Racism rears its ugly head at NYC schools
By CYRIL JOSH BARKER Amsterdam News Staff Additional reporting by OLAYEMI ODESANYA Special to the AmNews | 2/15/2018, 9:40 a.m.
Liriano-Clark stated, “She asked, ‘Why are your students working on Black history project?’ and I said ‘Because it’s Black History Month. She said, ‘You are the ELA teacher. You don’t teach social studies. You don’t teach humanities anymore.’ I said, ‘Black history is in every subject.”
Liriano-Clark said the students protested and started a petition and were “badgered and questioned.”
“Black history will continue at MS 224 every day,” she said.
Reports indicate that a day after the rally, Catania confiscated a student’s Black history poster with no explanation. Catania later returned the poster to the student. Bronx superintendent Richard Cintron reportedly went to the school Wednesday to investigate the matter.
In a statement, the DOE said that they encourage students to learn about Black history in school.
“Students are currently working on projects related to Black History Month that will be presented and highlighted at the end of February,” a DOE representative said. “All schools must provide a supportive and inclusive learning environment, and there’s no place for discrimination or bias of any kind in our schools.” The city also learned about 17-year-old Malcolm Xavier Combs, an honor student at Christ the King High School, who became another victim of discrimination and embarrassment when school officials denied his request to use the name “Malcolm X” on the back of his senior sweater. Combs was pulled out of an AP English class by school official Veronica Arbitello, who told him that the civil rights activist was “a person you don’t want to be associated with.” When he told officials that was his name, Combs said during an interview with the AmNews, Arbitello and her husband, who is also a staff member at the school, laughed at him.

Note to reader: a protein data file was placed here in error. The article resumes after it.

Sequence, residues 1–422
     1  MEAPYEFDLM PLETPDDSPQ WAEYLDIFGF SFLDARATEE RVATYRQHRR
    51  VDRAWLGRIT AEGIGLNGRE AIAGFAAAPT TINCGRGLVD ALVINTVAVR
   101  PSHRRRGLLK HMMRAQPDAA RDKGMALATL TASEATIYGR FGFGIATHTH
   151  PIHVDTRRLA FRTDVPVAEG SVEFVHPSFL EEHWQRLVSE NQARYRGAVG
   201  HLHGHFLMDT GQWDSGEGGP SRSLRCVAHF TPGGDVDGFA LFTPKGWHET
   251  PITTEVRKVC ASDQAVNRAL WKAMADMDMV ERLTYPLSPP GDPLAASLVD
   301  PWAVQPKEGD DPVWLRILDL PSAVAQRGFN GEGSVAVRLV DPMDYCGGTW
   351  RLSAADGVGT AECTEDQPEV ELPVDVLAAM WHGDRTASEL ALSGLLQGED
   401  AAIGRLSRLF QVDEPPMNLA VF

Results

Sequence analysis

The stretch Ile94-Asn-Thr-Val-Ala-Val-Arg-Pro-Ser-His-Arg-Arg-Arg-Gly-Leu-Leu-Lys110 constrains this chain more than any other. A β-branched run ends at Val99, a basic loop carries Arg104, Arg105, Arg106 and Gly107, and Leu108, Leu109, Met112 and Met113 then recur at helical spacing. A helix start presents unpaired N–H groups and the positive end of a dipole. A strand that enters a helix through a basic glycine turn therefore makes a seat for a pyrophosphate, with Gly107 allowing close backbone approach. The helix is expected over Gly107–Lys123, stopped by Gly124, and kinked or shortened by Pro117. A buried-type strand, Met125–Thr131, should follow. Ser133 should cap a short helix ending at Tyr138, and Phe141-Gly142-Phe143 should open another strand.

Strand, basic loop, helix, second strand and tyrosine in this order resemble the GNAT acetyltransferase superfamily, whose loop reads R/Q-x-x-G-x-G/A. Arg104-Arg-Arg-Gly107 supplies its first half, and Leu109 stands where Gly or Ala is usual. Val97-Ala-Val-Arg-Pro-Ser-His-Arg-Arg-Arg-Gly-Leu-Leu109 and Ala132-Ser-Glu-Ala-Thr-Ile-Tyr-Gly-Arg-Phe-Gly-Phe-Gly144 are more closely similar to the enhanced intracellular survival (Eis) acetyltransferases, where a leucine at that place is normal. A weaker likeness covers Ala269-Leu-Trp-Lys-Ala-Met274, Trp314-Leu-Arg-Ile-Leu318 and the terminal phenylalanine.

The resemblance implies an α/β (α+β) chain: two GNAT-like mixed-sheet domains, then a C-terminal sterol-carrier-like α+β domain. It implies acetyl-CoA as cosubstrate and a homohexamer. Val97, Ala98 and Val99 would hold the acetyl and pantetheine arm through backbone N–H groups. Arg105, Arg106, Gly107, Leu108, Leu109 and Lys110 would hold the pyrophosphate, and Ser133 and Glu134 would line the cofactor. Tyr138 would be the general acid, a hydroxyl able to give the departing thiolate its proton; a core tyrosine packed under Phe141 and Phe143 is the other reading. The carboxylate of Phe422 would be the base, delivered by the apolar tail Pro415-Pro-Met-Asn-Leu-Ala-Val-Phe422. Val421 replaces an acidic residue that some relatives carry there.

“The assistant principal said, ‘This is the new Malcolm X’ and they both laughed,” Combs said. “I was shocked that somebody would say something like that. They just laughed at me by putting down my name. I was really disappointed because thought it would be cool to have that name on the sweater because I really like my name.”
Combs mother, Mychelle, said she and her husband met with the school and that as of Tuesday, they had not changed their position. She said her son was named after the civil rights leader and that he was born in Brooklyn on Malcolm X Boulevard.
“They told us that the name was to controversial and offensive to the other students,” she said. “I’m offended that they would even think I would name my son something that’s offensive. The truth only have one version and they come out with many. How is it that he’s offensive and he's controversial and then you tell reporters you taught Malcolm X over the last 20 years and he’s in the curriculum?”
Malcolm said that he wants to see his high school make African-American Studies and elective. He said he wants to go into video game design and attend college at New York Institute of Technology or the historically-Black Oakwood University in Alabama. He said that despite what happened at school, his large support system is keeping his spirits up.